Many school districts believe that establishing a strong online presence creates a better connection with their community. Did you know that school district websites must meet your district’s legal obligations to individuals with disabilities? If a school district fails to comply with these obligations, the district may find itself being investigated by the U.S. Department of Education’s Office for Civil Rights (OCR).
OCR responds to complaints. According to Education Week, one Michigan advocate has filed about 500 web accessibility complaints with the OCR.
The Obama administration was responsive to complaints about website accessibility. It remains to be seen how aggressive the Trump administration will be in pursuing such complaints.
This article seeks to inform school districts of the OCR’s investigative and enforcement process, as well as the measures districts should take to prevent the filing of a complaint.
Process begins with a complaint
At this time, the OCR is not randomly auditing school district websites or initiating investigations without a complaint. Rather, they are reacting to complaints fi led against districts by third parties.
If a review by the OCR indicates accessibility issues, the OCR informs the district that its website does not comply with Section 504/508 of the Rehabilitation Act and Title II of the American Disabilities Act of 1990 (ADA). Under these statutes, a district must provide individuals with disabilities equal access to all features contained on its website.
Most complaints focus on accessibility issues for individuals with hearing and visual impairments. However, districts should be aware that barriers may also exist for individuals with other physical or cognitive disabilities. According to the OCR, the most common issues are that:
- Some important website content can only be accessed using a computer mouse, which means that content is not available to those who are blind, many who have low-vision, and those with disabilities affecting fine motor control.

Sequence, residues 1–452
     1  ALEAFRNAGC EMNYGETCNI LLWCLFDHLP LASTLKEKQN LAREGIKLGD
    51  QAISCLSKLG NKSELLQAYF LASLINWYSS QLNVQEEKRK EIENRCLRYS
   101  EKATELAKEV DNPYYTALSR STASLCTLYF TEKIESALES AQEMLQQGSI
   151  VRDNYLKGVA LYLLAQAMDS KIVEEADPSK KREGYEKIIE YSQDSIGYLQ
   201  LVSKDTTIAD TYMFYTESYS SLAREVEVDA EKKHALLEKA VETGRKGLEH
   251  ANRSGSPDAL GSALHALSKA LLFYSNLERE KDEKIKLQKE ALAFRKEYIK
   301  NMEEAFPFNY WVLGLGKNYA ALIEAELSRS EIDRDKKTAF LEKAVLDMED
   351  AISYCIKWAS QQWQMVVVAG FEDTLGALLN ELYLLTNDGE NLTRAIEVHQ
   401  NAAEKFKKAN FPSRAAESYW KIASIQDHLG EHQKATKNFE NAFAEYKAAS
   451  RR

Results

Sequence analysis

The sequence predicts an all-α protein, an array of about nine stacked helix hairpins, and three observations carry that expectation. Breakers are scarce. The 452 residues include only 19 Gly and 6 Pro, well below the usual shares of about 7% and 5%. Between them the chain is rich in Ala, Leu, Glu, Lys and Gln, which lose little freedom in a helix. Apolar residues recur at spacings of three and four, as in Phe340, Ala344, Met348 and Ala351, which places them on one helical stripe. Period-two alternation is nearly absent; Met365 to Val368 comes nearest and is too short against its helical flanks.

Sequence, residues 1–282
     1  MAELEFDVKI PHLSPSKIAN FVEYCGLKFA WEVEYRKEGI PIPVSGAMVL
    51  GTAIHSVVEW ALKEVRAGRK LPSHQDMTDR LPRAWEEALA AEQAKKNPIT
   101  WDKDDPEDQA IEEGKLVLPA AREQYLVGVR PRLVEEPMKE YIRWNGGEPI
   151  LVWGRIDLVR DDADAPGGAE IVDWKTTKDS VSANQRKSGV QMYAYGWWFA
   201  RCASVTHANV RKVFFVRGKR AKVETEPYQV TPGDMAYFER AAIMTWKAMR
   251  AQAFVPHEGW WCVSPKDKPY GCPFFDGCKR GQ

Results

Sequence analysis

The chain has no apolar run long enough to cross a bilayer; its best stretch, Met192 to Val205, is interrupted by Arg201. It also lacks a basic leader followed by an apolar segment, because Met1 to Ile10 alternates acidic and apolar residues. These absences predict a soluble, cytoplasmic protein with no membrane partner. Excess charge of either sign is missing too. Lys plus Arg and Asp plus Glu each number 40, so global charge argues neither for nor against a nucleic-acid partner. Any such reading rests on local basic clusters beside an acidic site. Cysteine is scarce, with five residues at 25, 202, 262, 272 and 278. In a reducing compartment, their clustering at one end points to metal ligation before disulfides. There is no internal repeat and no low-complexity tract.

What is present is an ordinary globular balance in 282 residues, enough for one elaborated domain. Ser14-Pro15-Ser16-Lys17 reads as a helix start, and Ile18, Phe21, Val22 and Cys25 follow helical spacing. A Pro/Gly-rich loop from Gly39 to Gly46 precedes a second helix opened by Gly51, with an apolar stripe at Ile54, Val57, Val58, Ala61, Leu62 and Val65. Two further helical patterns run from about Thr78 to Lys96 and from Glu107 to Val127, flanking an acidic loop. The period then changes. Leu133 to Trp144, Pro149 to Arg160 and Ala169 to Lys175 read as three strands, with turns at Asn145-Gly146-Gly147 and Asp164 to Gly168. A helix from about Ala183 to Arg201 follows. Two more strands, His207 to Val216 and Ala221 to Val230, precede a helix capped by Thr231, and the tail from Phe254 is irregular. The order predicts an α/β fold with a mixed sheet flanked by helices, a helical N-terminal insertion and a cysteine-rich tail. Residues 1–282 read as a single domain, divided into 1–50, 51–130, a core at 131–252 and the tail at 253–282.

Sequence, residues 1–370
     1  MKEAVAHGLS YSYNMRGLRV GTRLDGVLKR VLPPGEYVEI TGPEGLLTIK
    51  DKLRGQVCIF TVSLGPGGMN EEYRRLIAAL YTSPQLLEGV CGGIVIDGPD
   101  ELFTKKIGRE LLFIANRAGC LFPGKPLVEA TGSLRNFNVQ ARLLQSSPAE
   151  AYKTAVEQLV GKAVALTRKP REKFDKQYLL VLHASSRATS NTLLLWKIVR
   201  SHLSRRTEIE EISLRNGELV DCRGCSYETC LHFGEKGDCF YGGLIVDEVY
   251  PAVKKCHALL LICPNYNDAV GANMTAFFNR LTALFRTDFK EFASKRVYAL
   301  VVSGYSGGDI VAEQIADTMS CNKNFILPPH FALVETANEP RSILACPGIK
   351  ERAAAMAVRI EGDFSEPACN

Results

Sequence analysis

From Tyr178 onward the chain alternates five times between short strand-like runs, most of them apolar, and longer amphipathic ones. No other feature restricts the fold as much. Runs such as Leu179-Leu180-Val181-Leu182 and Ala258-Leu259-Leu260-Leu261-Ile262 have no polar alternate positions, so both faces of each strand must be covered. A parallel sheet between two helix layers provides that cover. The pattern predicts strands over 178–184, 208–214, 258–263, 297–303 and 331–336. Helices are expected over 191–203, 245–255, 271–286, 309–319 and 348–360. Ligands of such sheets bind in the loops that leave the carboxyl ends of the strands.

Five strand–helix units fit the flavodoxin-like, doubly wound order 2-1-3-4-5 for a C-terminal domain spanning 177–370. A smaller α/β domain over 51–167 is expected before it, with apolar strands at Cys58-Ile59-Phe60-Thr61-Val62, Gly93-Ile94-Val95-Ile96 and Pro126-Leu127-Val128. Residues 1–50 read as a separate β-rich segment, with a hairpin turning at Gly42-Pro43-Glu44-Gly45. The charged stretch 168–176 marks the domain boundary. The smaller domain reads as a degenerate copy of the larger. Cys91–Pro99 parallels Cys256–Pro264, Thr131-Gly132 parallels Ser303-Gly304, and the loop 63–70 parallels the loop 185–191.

- Parts of the website use color combinations that make text difficult or impossible for people with low vision to see.
- Videos are not accurately captioned,so they were inaccessible to people who are deaf.
OCR’s investigation powers
Under the ADA and Section 504, the OCR has jurisdiction to investigate discrimination complaints. If the OCR determines that it has legal authority to investigate the complaint, it will inform the district that it has initiated an investigation. This is usually done through a letter sent to the district’s superintendent announcing that an investigation has been opened. (A sample letter is on OCR’s website at goo.gl/OYsPxr.)
Such a letter typically is accompanied by OCR’s guidance document entitled, “OCR Complaint Processing Procedures.” The procedures inform the district that during the investigation, the OCR shall act as a neutral fact-finder. This requires the OCR to employ various fact-finding techniques that may include reviewing documentary evidence, conducting interviews and/or site visits.
The OCR has the authority under law to demand from any agency that receives federal funding the information necessary to determine whether such agency is in compliance with the anti-discrimination regulations. Therefore, the investigation letter will likely require the district to respond to specific questions and disclose all documentary evidence relevant to its website’s accessibility. This may include information/documentation relating to the district’s policies and procedures, the software and design specifications used and the vendors responsible for the maintenance of the district’s website.
After reviewing all relevant information, the OCR will issue a letter of findings which informs the district whether or not there is sufficient evidence to conclude that the district failed to comply with the law. However, a district may have the option to resolve the complaint prior to the OCR’s conclusion.